Anatomy of the Perfect Wind Storm

Pasadena and the San Gabriel Valley were hit especially hard in Wednesday night's windstorm, and geography has everything to do with it

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    NEWSLETTERS

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    Fallen power poles block a street in Pasadena.

    Powerful wind events are not a common occurrence in the San Gabriel Valley, but the system that ripped through it Wednesday night proved that when winds cross paths with the mountain range it can create a windstorm capable of wreaking havoc.

    Wednesday’s powerful storm, which snapped power lines like toothpicks, uprooted decades-old trees and made many roads impassable, intersected with the San Gabriel Mountain Range in the most “perfect” way, according to Ryan Kittell, a National Weather Service meteorologist.

    “The winds were straight north and south and if you look at the orientation of the San Gabriel Mountains, they pretty much run west to east,” Kittell said. "So the winds were exactly perpendicular to the mountains.”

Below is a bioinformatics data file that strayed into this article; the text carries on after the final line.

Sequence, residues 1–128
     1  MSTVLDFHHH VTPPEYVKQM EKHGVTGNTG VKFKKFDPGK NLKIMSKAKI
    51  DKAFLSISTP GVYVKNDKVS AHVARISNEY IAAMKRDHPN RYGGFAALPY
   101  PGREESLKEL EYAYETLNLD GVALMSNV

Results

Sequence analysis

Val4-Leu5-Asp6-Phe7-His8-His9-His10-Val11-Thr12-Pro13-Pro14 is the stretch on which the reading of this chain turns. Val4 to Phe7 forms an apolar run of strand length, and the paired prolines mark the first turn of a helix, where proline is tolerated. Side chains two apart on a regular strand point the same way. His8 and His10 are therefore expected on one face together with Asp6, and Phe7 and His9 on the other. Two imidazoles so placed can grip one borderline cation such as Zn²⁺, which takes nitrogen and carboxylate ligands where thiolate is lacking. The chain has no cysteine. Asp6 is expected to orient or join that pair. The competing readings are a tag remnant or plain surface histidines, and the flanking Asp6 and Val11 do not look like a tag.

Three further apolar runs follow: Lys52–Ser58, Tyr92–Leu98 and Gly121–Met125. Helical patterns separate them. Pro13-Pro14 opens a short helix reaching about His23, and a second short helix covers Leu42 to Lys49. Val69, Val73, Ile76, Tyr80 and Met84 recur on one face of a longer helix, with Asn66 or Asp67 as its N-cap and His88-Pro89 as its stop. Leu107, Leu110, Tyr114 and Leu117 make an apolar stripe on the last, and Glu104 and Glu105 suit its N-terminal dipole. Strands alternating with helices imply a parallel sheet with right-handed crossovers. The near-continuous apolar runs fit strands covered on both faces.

After the system traveled up and over the mountains, according to Kittell, it picked up speed and strength as it descended into the valley, which caused winds near the 5 Freeway Corridor, west of Castaic Lake, to reach 97 mph and 72 mph in the San Rafael Hills at 5 a.m. Thursday.

    “It’s very similar to a stream of water traveling over a rock,” Kittell said. “By the time it gets to the other side, it gains speed and also becomes very turbulent.”

    Kittell said the winds remained strong into Thursday morning, but estimated the peak of the storm in the San Gabriel Valley was between 8 p.m. and 10 p.m. Wednesday.

    Many residents, groggy from a sleepless night, said Thursday their neighborhoods looked like a hurricane or tornado had ripped through them.

    Thousands of residents in Los Angeles-area were still without power Friday morning.

    Kittell said the last major wind event in the San Gabriel Valley was back in January 1997.

    The NWS is forecasting another wind event Saturday night, with gusts as high as 20 mph, a far weaker system compared to Wednesday’s storm.

    “That was a once in every ten year event,” Kittell said.

    Click here for the latest weather conditions.

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